American water horehound is very similar to northern water horehound, but that plant’s flowers have five lobes instead of four. The pretty little flowers are some of the most challenging to get a good photo of and it often takes me several attempts. The plant grows in roadside ditches and along the shores of ponds and rivers, where it can keep its feet wet. The hard brown seeds are eaten by waterfowl and Native Americans used the small tuberous roots for food.

The round, inch diameter flower clusters of button bush shrubs (Cephalanthus occidentalis) dotted the shoreline. The fragrant, long white, tubular flowers each have an even longer style that makes the whole flower head look like a spiky pincushion. Flowers are often tinged by a bit of brown when I see them but these were in fine, fresh condition. Once pollinated the flower heads become hard brown/ reddish seed heads made up of small, two seeded nutlets that are a favorite of ducks and shore birds. According to the USDA, Native Americans used concoctions made from the bark of buttonbush to relieve headaches, rheumatism, and other ailments, and chewed it to relieve toothaches. I wonder if it has the same aspirin like compounds in it that willow bark has.

Jewelweed (Impatiens capensis) always says midsummer to me, though it has a fairly long blooming season. It loves shaded, damp places and under the right conditions can form huge colonies.

This jewelweed blossom had a bee inside, and it didn’t seem to be in any hurry to get out. A pollen eater, maybe?

Soapwort (Saponaria officinalis) is hard to miss with its clear white, swept back petals. Each plant reaches about two feet and usually grows right at the edge of taller vegetation. Flowers have 5 petals and 10 stamens. Its unusual name comes from the way its leaves contain natural soaps called saponins. When the leaves are crushed and scrubbed together in water a soapy lather will appear. In the past this plant was used for washing clothes and making soap. It is originally from Europe and is considered toxic. It grows along the riverbank only in the sunniest places.

Sensitive fern (Onoclea sensibilis) gets its name from being very sensitive to frost but there is no frost in July so I’m not sure what triggered the change in this one. Maybe it was just tired of trying to flourish in a drought.

Tall meadow rue (Thalictrum pubescens) also called an early end to summer. Sometimes this plant will fool people into thinking they’ve found wild columbine. Also, on occasion its leaves will change to a beautiful deep purple in fall. Though this one was a ground hugger I’ve seen them that towered over my head.

Tall white rattlesnake root (Prenanthes trifoliate) grows all along the side of the trail that follows the river. They bloomed early this year; I usually think of them as a fall or very late summer flower. Plants have a waxy, reddish stem which helps in identification when it isn’t in bloom. Leaf size and shape can vary greatly from plant to plant, so it can be a tough one to figure out unless it is blooming.

Once tall white rattlesnake blooms it is unmistakable. There is no other plant that I know of that has small, drooping white, lily like blossoms in late summer. The half inch flowers appear in clusters at the end of branched stems that can reach 5 or 6 feet in some cases, and have forked stamens that are longer than the petals. The flowers move at just a hint of a breeze, so they can be difficult to get a good photo of. This plant is also called gall of the earth because of how bitter the root tastes. These roots were once made into a very bitter tonic that was used to (allegedly) cure snake bites, and that’s where its other common name comes from.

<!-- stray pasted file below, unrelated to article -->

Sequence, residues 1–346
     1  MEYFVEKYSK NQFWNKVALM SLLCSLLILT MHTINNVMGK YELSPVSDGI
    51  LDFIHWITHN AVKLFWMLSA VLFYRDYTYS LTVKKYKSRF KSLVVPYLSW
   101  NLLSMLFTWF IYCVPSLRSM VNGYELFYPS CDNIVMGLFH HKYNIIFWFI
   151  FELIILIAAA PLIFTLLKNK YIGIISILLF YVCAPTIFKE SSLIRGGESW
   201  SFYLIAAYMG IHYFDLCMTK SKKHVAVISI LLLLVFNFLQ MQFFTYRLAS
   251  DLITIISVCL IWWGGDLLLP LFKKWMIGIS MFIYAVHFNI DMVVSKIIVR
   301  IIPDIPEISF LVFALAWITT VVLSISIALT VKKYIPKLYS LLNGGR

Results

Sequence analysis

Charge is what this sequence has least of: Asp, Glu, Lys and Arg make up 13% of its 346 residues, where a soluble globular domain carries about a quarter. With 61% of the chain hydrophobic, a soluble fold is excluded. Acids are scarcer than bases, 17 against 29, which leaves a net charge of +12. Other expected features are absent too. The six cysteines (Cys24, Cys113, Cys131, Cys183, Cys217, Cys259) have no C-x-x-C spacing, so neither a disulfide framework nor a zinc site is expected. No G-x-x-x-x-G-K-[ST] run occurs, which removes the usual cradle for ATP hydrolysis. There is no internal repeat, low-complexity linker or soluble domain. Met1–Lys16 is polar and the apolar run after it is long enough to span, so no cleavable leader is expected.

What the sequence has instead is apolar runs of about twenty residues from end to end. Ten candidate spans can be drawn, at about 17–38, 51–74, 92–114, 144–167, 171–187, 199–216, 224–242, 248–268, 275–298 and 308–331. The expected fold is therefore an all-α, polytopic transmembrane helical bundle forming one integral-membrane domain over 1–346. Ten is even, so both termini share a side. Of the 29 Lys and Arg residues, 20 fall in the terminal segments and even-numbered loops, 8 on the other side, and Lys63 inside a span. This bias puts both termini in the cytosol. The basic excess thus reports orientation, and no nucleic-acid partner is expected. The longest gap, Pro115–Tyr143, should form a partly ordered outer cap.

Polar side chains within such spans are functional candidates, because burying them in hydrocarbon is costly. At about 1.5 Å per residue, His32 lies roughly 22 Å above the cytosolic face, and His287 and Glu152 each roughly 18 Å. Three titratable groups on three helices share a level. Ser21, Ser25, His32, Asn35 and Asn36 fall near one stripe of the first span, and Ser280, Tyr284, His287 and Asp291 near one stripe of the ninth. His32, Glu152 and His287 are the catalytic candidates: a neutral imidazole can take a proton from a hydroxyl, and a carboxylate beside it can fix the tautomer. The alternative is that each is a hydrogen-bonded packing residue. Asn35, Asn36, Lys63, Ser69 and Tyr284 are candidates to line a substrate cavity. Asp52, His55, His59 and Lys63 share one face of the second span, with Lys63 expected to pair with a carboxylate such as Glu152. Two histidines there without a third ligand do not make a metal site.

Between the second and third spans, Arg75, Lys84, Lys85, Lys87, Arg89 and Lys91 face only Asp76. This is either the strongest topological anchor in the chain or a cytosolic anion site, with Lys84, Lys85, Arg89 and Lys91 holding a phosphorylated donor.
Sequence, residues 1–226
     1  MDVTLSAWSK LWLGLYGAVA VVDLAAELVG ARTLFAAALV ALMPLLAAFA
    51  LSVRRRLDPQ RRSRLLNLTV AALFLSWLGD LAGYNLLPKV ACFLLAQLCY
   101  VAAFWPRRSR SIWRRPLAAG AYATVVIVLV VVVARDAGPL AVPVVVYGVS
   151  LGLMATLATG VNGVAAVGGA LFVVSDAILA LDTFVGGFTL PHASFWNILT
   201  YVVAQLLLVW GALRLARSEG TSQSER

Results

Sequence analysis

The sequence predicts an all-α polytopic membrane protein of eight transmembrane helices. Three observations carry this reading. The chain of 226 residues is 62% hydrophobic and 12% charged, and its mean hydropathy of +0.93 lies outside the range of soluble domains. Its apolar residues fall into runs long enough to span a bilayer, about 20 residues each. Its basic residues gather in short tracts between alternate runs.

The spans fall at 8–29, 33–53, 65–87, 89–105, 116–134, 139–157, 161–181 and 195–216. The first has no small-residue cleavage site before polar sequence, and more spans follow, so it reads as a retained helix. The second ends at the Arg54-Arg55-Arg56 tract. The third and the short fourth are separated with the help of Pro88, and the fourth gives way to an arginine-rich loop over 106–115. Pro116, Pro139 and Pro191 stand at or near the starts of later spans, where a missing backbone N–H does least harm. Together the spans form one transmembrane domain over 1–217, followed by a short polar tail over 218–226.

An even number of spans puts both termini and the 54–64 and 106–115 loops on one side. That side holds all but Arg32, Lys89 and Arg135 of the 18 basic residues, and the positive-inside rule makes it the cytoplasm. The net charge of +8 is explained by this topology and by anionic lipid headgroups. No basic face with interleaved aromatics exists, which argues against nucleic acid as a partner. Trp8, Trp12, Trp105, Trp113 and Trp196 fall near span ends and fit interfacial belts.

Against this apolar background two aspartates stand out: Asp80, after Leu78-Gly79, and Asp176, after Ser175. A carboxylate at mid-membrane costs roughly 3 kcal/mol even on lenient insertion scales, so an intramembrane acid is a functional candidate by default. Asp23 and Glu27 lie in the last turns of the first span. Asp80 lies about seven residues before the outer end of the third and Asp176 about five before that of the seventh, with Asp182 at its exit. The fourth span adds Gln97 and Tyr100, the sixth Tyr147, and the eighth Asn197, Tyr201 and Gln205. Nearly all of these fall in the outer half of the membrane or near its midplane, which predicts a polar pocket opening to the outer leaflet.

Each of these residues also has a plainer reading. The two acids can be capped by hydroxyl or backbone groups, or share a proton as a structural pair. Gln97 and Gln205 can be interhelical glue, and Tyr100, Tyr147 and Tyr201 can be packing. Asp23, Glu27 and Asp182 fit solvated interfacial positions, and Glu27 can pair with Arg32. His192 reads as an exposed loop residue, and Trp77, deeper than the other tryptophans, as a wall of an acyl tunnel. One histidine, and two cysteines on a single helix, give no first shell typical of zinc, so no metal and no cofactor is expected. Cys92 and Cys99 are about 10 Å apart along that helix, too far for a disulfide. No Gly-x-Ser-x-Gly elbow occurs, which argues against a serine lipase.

I had to stop and admire the beautiful deep pink buds of Joe Pye weed (Eutrochium purpureum.) This plant doesn’t have a strong presence along this part of the river but I see them here and there. I’ve always thought its buds were as beautiful as its flowers.

Slender fragrant goldenrod (Solidago tenuifolia) grows just about anywhere and is very common. It is similar to lance leaved goldenrod but the two can be told apart by leaf veining; slender fragrant goldenrod has only one vein running down the center of each leaf and lance leaved goldenrod has several veins. Other common names are sweet goldenrod, wound weed, Blue Mountain tea, sweet-scented goldenrod, anise-scented goldenrod, and true goldenrod. Goldenrods like dry, sunny places and don’t mind sandy soil so the drought didn’t really bother them. This native grows much shorter than most goldenrods; usually about knee high.

There are 2 or 3 small lobelias with small blue / purple flowers that grow here, but though the flowers look alike the plants themselves have very different growth habits, and that makes them easy to identify. This lobelia is called Indian tobacco (Lobelia inflata) and the small flowers are about 1/3 of an inch long. It is the only lobelia with calyxes that inflate after the flowers have fallen and to identify it, I just look for the inflated seedpods.

These pretty, tiny flowers have to be pollinated by small insects, and bees such as sweat bees are perfect for the job. Once pollinated tiny, dust like seeds will form in the inflated seed pods in the fall. Eventually they will blow on the wind.